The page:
Event stream: a linearly ordered sequence of events. Here we have two issues - one to distinguish between the "pipe" and the collection of events flowing on this "pipe", which is the same type of ambiguity we have when talking about "event" vs. "event message", however, we can tolerate such ambiguity, the second problem is in general the collection of such events may not be totally ordered, thus it does not conform with the definition of stream.

There are two possible solutions --- one to modify the definition of stream to be more general (I am not sure that the word stream inherently mean sequence, it is just happened to be the way it was implemented in a certain academic project), the other possibility is to invent a new name for the edge - like event pipe (or some other creative name). What do you think ?

I am also putting it as a comment on the glossary website.

I am taking this opportunity to suggest that anybody who wishes to make a terminology comment will do it soon, since we would like to close a first version in the next month or so.

More terminology issues - later.

Sunday, September 30, 2007

Event Processing - a footnote to databases ?

More in the spirit of the VLDB conference I've attended last week, there is a conception in the database community that event processing is really part of database technology, and that the functionality of event processing can be obtained using regular databases by inserting the events into the database, and asking "continuous queries" in the database. According to this outlook, the only reason that customers want to have engines outside the database engine is when some performance properties - typically - throughput and latency cannot be satisfied by database engines, but this can be handled by some tricks - like in-memory databases.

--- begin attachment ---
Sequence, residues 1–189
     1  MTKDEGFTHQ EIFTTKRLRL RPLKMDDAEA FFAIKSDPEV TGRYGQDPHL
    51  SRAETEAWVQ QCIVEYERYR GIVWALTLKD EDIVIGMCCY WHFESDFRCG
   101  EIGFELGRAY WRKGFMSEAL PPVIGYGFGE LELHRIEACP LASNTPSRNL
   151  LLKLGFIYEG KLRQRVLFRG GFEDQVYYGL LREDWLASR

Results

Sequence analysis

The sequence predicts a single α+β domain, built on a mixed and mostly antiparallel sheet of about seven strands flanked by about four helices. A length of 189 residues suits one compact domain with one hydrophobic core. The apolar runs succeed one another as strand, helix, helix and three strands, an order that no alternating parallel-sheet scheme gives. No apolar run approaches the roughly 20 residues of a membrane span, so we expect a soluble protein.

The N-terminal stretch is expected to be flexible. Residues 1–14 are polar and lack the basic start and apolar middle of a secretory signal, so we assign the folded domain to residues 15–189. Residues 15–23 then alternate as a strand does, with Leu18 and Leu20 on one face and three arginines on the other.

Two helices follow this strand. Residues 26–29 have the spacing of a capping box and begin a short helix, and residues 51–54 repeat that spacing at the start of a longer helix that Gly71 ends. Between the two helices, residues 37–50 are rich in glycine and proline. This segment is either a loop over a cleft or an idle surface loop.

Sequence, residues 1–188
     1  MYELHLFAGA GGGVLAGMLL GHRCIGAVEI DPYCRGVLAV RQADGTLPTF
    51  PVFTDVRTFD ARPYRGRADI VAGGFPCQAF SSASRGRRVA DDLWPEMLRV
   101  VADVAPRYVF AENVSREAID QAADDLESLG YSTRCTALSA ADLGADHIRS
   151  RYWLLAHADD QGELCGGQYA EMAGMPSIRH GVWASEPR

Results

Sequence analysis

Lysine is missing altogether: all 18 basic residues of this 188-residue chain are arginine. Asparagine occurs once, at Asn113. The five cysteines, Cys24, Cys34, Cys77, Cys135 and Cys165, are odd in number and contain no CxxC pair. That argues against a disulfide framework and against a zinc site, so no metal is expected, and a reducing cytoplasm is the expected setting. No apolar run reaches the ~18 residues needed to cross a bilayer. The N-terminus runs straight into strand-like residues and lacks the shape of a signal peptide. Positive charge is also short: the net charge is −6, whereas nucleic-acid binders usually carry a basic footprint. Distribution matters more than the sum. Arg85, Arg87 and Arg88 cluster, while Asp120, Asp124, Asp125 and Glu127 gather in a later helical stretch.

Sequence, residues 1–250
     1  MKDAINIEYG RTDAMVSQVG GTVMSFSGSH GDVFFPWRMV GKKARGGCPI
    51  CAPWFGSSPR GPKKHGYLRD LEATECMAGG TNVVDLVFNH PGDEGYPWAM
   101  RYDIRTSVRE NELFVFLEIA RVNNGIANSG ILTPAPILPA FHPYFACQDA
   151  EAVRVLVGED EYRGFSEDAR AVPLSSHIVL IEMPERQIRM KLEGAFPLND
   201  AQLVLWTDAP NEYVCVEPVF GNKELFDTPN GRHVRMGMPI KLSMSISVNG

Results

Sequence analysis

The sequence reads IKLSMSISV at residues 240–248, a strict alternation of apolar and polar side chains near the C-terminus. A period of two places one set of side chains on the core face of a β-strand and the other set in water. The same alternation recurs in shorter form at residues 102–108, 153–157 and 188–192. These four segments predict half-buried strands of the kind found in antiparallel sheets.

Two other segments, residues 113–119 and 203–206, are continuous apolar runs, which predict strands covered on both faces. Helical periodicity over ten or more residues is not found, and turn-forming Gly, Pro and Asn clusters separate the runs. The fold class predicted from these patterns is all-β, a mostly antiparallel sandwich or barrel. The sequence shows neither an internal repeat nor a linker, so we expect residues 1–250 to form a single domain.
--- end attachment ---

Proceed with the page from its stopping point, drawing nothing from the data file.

This reminds me that in the first conference I have ever organized: NGITS 1993 (we did not have conference webpages at those days) there was a discussion about the relations between Artificial Intelligence and Databases that followed the keynote address of John Mylopoulos, whom I always considered as one of the most visionary people I've ever met, John said something like this "the difference between AI and database discipline is that AI is a scientific discipline and database is an engineering discipline, which deals of efficiency issues", he, of course, made the database people who were present, quite angry, however, now that I am looking from the outside (at that time I have looked from the inside) on the way that database people think, I realize that he was, as usual, right.